As our blog post competition draws to a close, the first thing to note is how impressive CULA members have once again shown themselves to be. Both in terms of the choices of icons and the quality of submissions, this competition has been a pleasure to judge; every entry was well-received and worthy of praise. But judge we must; and we have picked the following posts as winner and runner-up.

Runner-up: Luke Hallam on George Eliot

“So, Eliot was a liberal because she was painfully aware of the impact that social oppression has on thousands of suffering Teresas (as well as those who are less extraordinary in ambition, but are no less impacted by stifling social mores). But she also knew that self-development is no simple matter of peeling back an oppressive skin to find the happy, harmonious society buried underneath. She was the antecedent to Isaiah Berlin, Bernard Williams, Judith Shklar, and other modern liberals who know that human life is more complicated than that.”

Judges’ comments:

Laurence: “Luke made a less obvious choice for his liberal hero, giving a highly original argument in her favour, and the CULA blog is all the better for it.”

Laura: “Luke’s choice of icon is characteristically left field, but by focussing on just one aspect of liberalism, he presents an original and convincing argument for the consideration of literary works that are not explicitly political as pieces of liberal history.”

Peter: “Self-development is a crucial liberal theme, but too often discussions of it today start and end with the canonical texts—or, let’s be real, canonical text. As much as I love On Liberty, liberals have to be able to move beyond it and exhibit in our discussions the pluralism we are such great fans of in theory. Luke’s original discussion of Eliot does exactly this, making it an incredibly valuable contribution to the blog. And the mention of my favourite philosopher Bernard Williams at the end didn’t hurt his chances with me!”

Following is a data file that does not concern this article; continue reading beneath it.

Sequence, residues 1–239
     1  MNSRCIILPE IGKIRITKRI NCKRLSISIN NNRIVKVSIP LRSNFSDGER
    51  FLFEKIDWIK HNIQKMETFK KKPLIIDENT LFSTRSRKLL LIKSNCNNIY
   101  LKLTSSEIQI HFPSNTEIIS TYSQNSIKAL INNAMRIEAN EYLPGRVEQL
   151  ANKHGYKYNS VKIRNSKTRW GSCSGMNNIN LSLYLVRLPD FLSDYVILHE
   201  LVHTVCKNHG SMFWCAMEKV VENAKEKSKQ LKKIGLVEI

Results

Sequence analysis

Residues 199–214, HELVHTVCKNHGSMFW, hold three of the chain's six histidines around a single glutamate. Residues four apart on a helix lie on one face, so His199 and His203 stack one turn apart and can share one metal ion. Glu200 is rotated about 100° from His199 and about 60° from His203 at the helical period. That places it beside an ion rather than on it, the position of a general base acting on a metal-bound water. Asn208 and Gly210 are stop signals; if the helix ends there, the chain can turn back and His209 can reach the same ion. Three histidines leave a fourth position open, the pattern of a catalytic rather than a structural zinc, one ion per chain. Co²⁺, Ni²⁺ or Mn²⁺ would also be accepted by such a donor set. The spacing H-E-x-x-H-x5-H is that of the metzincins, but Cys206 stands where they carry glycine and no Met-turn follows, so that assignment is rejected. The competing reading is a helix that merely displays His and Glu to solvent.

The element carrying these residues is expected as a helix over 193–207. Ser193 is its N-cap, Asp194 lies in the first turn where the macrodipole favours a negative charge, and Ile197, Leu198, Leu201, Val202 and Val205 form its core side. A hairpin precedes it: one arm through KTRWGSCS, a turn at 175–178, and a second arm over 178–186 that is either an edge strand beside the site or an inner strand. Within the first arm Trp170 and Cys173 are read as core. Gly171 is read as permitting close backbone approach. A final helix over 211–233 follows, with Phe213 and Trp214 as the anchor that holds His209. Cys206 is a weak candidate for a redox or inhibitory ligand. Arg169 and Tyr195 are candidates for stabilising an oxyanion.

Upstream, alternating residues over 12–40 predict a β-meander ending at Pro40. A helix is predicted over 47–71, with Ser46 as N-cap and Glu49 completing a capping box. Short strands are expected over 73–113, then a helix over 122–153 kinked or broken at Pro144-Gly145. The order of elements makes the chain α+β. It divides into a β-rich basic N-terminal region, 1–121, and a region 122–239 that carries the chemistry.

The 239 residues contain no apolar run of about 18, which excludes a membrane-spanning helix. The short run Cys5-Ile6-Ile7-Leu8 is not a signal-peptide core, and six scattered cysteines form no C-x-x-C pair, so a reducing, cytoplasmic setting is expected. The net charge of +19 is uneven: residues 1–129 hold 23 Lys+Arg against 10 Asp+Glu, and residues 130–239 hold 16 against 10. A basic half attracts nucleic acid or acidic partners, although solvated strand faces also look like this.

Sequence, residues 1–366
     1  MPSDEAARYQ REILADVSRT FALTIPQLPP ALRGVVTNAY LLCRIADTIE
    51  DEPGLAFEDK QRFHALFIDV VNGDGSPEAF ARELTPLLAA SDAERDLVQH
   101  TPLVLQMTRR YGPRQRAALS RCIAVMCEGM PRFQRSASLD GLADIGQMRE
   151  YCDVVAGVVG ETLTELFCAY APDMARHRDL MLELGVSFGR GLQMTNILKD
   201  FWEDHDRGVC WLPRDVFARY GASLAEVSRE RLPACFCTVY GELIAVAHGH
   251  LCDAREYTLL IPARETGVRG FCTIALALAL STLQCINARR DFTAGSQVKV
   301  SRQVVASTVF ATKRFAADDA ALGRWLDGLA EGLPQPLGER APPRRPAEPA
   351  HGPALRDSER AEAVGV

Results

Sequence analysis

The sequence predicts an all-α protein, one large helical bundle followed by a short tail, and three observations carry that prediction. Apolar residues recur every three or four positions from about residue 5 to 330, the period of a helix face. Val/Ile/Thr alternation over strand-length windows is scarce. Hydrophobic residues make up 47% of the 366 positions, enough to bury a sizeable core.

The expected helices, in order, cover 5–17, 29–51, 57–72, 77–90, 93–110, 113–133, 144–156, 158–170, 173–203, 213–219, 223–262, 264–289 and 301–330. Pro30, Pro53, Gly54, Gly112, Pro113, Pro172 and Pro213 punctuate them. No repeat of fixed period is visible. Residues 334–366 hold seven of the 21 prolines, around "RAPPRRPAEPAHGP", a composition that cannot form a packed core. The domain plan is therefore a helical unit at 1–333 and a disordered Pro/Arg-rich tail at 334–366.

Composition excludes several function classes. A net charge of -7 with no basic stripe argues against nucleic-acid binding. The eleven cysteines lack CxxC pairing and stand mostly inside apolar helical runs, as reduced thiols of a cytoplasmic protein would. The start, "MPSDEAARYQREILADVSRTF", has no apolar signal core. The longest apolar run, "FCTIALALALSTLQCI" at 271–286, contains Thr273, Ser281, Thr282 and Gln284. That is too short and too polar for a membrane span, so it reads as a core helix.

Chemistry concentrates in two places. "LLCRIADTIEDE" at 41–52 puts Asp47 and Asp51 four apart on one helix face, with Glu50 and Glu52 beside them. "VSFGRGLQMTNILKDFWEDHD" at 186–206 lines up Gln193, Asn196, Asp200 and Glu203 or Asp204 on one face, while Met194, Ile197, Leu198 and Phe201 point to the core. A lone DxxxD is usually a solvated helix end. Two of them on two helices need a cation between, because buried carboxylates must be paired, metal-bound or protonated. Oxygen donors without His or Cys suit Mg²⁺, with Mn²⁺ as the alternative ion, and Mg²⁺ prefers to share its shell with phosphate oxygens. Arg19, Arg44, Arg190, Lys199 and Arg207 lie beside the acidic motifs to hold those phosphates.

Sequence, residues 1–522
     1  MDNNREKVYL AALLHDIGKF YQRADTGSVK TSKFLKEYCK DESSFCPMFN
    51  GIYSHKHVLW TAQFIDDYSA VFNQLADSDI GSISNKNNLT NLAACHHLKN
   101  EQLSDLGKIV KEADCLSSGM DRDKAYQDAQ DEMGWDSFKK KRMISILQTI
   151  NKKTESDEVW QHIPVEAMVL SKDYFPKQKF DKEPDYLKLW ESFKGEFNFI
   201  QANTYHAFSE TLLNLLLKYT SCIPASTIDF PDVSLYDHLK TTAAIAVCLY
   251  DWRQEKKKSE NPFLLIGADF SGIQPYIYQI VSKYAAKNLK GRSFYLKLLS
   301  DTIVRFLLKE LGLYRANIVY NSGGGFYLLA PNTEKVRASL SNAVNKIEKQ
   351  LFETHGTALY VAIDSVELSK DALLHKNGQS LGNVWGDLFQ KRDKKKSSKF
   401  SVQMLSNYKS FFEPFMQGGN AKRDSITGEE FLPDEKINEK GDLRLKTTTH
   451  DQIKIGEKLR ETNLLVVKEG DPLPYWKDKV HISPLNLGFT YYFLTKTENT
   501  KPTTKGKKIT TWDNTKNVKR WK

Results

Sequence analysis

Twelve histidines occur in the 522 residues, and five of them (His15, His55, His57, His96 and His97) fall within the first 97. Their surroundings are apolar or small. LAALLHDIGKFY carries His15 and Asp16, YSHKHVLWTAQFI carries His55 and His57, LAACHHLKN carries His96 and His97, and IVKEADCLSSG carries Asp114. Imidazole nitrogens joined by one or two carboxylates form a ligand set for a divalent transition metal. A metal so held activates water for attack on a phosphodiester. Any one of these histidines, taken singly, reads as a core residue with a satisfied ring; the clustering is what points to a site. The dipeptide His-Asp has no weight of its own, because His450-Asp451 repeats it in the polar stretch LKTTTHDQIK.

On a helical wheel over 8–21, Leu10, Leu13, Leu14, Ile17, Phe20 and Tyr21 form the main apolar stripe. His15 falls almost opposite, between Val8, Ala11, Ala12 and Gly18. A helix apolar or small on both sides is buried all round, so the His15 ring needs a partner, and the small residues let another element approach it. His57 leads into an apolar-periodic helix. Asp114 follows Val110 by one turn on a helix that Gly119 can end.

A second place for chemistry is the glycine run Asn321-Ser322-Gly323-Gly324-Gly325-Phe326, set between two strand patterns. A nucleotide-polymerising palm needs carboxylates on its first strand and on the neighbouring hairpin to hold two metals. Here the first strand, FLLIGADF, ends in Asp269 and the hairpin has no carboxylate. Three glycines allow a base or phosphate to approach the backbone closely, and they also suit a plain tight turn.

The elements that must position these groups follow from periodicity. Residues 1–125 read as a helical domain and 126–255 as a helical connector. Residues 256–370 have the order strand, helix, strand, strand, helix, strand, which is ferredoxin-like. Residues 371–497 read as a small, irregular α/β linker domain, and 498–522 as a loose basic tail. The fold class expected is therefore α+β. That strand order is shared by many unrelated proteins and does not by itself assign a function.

Winning entry: Samuel Rubinstein on Lord Palmerston

“When liberals today grope after political relevance, they should look to Palmerston’s brand of muscular liberalism, unabashedly patriotic and unashamedly engaged in the world, for inspiration. Then they should reflect on the fact that he was by far the most effective and popular statesman of his age.”

Judges’ comments

Laurence: “In a strong field, Sam’s piece had a uniquely compelling narrative style, and I learned a lot from it. Like the other entries it indulged our liberal senses, but its more contentious closing message to modern liberals was also welcome.”

Laura: “A highly informative and enjoyable read; Sam’s essay makes a compelling case for the kind of ‘muscular liberalism’ which he is known for.”

Peter: “Sam’s novel interpretation of the Pacifico affair as ‘borne of Palmerston’s long-standing political convictions’ is only the beginning of this post’s strengths. Modern liberals (and Lib Dems especially) often profess a respect for the Liberal Party, but for many people their knowledge doesn’t go beyond the names of some great leaders and policies. Sam’s post shows that engaging more deeply with our party’s history is still worthwhile, even necessary; and even if I disagree quite strongly with his conclusions, this post’s display of the sense of the past makes it a deserving winner.”


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